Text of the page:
John, who is a 50:50 sharemilker on the 110ha effective farm, won the DairyNZ Pasture Renewal Leadership Group's competition for best first-year pasture.
The winning paddock was sown on March 20, 2013, with One50 AR37 - a diploid perennial ryegrass with a high ranking on the Forage Value Index (FVI) for the northern North Island.
John says it's important not to leave the sowing date too late. "It must be sown before April to provide better conditions for cultivation, increase dry matter production and build resilience for the critical first winter."
The paddock, which was previously in chicory, was sown at 22 kg/ha, using 18kg/ha of ryegrass and 4kg/ha of clover, says John. "To create a good seed bed I sprayed and power harrowed the paddock. I used a motorbike spreader to spread the seed and did one pass with the heavy roller."
John says he uses the Forage Value Index to identify high performing varieties and chooses two diploid perennial ryegrasses to sow each year to compare performance and minimise risk. The second ryegrass he used this year was Trojan NEA2 which is yet to be ranked on the FVI and was selected based on information from technical sales representatives.
The pasture was sprayed with 'Select' at six weeks, which John says was effective for killing the weeds and chicory regrowth.
"I took a cautious approach to grazing management in the establishment phase," says John. "I made sure the root system was strong enough before grazing, using the pull test to check the roots stayed in the ground."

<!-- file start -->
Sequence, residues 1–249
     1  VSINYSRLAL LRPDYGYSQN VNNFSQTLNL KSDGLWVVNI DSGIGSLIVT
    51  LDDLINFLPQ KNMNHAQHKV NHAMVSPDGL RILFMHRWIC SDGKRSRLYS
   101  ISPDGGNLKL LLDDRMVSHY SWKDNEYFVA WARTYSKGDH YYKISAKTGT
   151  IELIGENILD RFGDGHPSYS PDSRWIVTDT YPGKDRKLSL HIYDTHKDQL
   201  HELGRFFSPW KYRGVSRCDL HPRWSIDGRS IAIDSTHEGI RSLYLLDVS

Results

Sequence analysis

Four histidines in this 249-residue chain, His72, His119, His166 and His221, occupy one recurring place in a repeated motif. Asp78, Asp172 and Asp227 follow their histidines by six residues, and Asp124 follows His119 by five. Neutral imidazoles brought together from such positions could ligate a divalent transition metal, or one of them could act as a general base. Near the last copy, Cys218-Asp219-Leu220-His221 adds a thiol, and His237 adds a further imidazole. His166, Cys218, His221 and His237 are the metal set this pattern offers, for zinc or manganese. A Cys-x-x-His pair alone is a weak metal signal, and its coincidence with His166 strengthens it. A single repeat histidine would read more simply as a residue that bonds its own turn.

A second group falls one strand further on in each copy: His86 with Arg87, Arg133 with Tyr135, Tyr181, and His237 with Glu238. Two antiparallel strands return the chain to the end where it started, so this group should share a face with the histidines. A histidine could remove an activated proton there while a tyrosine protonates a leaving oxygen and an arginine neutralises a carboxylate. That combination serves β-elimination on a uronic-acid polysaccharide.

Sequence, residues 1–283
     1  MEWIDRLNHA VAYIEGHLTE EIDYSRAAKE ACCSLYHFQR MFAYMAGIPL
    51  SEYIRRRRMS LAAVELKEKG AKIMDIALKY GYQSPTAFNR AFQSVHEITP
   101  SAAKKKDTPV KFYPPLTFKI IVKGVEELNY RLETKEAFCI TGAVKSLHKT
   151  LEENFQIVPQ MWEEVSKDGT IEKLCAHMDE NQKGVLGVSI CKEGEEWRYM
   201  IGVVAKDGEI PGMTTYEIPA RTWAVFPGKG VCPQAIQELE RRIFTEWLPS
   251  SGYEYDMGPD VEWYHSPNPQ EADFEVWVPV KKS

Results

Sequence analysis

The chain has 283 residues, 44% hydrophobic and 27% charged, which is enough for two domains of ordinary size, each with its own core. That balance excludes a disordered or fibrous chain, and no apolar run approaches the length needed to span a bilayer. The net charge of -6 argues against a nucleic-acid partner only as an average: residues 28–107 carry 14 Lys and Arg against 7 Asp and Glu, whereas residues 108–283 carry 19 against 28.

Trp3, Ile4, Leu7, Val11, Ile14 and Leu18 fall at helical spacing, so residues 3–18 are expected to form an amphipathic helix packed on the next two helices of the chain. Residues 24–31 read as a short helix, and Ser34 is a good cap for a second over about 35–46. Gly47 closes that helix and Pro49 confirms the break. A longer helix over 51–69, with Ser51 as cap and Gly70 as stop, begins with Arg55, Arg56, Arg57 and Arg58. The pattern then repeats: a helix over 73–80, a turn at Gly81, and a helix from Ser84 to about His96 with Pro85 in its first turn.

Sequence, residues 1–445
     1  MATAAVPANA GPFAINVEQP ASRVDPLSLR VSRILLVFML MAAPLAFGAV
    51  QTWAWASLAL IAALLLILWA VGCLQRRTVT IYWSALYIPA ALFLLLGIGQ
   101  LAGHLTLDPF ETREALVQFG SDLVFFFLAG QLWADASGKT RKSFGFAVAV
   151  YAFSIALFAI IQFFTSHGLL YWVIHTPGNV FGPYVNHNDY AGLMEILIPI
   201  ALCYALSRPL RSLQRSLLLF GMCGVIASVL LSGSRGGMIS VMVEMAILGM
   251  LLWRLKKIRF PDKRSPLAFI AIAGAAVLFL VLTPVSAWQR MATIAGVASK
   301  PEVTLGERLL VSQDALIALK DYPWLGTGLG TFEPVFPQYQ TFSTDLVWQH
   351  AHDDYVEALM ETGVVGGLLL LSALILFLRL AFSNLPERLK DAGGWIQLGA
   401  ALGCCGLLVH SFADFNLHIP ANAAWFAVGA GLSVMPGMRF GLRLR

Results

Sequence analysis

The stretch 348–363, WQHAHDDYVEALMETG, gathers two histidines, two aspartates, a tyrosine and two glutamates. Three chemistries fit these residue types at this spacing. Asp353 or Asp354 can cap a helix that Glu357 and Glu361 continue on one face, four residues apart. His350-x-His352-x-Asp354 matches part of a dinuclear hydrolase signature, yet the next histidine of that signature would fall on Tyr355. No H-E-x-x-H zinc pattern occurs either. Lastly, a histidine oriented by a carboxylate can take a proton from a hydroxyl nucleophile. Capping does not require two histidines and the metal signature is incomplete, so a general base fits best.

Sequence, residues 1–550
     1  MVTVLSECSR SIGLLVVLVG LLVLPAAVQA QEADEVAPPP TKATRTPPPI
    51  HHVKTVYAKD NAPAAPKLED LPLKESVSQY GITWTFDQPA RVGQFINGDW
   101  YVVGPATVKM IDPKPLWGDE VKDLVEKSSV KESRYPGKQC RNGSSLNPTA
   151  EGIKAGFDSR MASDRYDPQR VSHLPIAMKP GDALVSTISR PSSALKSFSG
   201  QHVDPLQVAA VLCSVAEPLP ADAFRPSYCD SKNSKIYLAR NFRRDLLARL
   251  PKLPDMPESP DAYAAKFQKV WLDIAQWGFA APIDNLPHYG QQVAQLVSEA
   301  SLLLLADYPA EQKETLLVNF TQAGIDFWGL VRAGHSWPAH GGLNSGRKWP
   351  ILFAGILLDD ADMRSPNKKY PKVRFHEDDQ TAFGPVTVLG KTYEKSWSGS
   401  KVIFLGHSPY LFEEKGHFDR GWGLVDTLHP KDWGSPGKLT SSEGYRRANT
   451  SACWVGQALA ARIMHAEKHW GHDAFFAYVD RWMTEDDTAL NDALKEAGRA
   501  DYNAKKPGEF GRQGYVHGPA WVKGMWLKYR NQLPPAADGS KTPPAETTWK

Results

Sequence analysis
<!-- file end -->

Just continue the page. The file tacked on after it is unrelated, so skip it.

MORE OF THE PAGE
John emphasised the importance of treating new pasture with 'respect'. "I didn't graze in wet weather, and the paddock is part of the effluent block and receives fertiliser according to the recommendations following soil testing.
John also shared his approach to grazing management over summer dry periods. "I don't graze my paddocks below 1450 kg DM/ha (3cm), and to avoid over-grazing I take the herd off pasture and onto chicory and feed more supplement."
Judges Tom Fraser, senior scientist at AgResearch, and Te Awamutu dairy farmer Geoffrey Peake, said the top pasture was established by correct choice of endophyte and good grazing management.
"John took care to avoid overgrazing when pastures came under stress and paid attention to weed control in both the pre and post sowing period. This ensured a high survival of sown species," says Tom.
John won $1000 worth of pasture renewal products, including seed from Agriseeds and Agricom.
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